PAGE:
Texas’ oldest psychiatric facility faces demolition but is eligible to be a historic landmark
This past legislative session, lawmakers identified the Austin State Hospital as a top health care funding priority and set aside $165 million for its refurbishment. Texas Health and Human Services and the University of Texas at Austin’s Dell Medical School are overseeing the modernization of the state hospital campus and moving forward with plans to demolish five historic buildings on the property to make way for a 400,000-square-foot modern facility that will comprise the Brain Health Campus.
“We’re looking at the planned loss of half the buildings in the potential district,” said Evan Thompson, the executive director of Preservation Texas. Thompson told the Austin Monitor that the five buildings slated to be razed are salvageable structures that are irreplaceable pieces of history. They are also among the few original structures left on the 95-acre property. “You wouldn’t believe how many buildings have been demolished on this campus in the last 40 years,” he said.
Nevertheless, even with only a fraction of the structures standing, the campus is eligible to become a National Register Historic District. According to Thompson, the Texas Historical Commission has already recommended the site for historic designation, and he said that the last step is simply to gather all the appropriate documentation paperwork and “just make it official.” This designation would not only protect the five buildings on track for demolition but also the rest of the property.
Christine Mann, a spokesperson for Texas Health and Human Services, told the Monitor in an email, “The current site was selected because it created the least disruption to hospital and state employee functions. The site for the new hospital currently has several buildings that are unoccupied because of structural or mechanical deficiencies.”
Thompson said those unoccupied buildings could be creatively transformed into nonprofit office space or dormitories for visiting families. “Every single one of those buildings is absolutely salvageable,” he said, explaining that getting them up and running again would involve “non-complicated restoration projects.” Additionally, maintaining the buildings on-site would retain the character of the campus and give a sense of place and history to patients and visitors strolling the grounds.
Mann, however, said feasibility studies determined otherwise. “Because of concerns about the structural integrity and physical constraints of the historic buildings, it was determined that it would not be feasible to reuse these buildings for support service or office space and meet accessibility and code requirements,” she said.
Still, Preservation Texas is urging the joint venture collaboration to reconsider. In a statement, the preservation group emphasized that when it conducted outreach, the surrounding stakeholders were in favor of preserving the historic buildings. Furthermore, the statement said that the Texas Historical Commission has urged that the historic resources of Austin State Hospital be saved.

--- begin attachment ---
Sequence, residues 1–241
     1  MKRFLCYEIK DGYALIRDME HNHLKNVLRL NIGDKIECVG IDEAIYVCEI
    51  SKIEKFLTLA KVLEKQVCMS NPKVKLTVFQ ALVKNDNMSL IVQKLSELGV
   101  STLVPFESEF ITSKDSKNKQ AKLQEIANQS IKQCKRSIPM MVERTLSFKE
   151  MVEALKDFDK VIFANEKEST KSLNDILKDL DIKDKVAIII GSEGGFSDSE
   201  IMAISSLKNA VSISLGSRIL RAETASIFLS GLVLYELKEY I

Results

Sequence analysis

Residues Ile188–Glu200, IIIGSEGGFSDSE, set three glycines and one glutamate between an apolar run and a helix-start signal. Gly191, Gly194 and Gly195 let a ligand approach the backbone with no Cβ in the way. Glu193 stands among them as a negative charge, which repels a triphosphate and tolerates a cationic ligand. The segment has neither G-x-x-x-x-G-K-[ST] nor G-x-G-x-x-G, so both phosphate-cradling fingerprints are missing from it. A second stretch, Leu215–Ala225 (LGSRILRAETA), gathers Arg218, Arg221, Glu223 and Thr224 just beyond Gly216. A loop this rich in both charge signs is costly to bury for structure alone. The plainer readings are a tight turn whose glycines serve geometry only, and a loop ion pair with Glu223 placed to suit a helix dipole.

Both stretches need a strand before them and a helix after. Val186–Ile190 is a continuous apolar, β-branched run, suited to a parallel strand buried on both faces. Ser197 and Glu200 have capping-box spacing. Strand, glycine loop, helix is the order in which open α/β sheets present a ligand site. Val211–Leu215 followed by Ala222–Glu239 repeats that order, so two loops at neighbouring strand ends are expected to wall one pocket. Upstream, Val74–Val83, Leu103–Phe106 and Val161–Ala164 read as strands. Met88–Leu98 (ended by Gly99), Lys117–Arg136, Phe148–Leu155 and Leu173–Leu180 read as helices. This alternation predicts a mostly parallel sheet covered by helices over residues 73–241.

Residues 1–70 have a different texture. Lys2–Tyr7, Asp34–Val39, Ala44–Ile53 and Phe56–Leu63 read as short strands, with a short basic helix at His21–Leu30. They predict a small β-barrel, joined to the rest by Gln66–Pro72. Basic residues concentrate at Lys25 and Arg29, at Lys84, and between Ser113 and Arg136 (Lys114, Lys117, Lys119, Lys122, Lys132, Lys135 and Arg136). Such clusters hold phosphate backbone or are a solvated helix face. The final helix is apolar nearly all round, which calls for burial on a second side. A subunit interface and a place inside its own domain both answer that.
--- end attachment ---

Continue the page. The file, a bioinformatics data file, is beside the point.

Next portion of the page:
“It’s not news (today) that these are historic buildings,” Thompson said. “It just comes as a real surprise that of all the places to build, they’ve chosen to put it on top of the one area that everyone has said please avoid.”
Despite the desire to save the structures, there is little the state’s preservation department or the city can do.
Thompson said Preservation Texas will continue to pursue the path to having the site be named a National Register Historic District. Whether or not the application makes it to the finish line before demolition begins will depend on the speed at which the Texas Historical Commission processes the request.
At the same time, Thompson explained that no one disputes the need for updated health care facilities on the Austin State Hospital campus. For the preservation community, the concern centers around the demolition of century-old buildings.
“It doesn’t have to be an either-or proposition,” said Thompson, noting that he would welcome a discussion on how to find a solution that serves everyone: patients, doctors, the health center and Austin’s past.
The Austin Monitor’s work is made possible by donations from the community. Though our reporting covers donors from time to time, we are careful to keep business and editorial efforts separate while maintaining transparency. A complete list of donors is available here, and our code of ethics is explained here.
Do you like this story?
There are so many important stories we don't get to write. As a nonprofit journalism source, every contributed dollar helps us provide you more coverage. Do your part by joining our subscribers in supporting our reporters' work.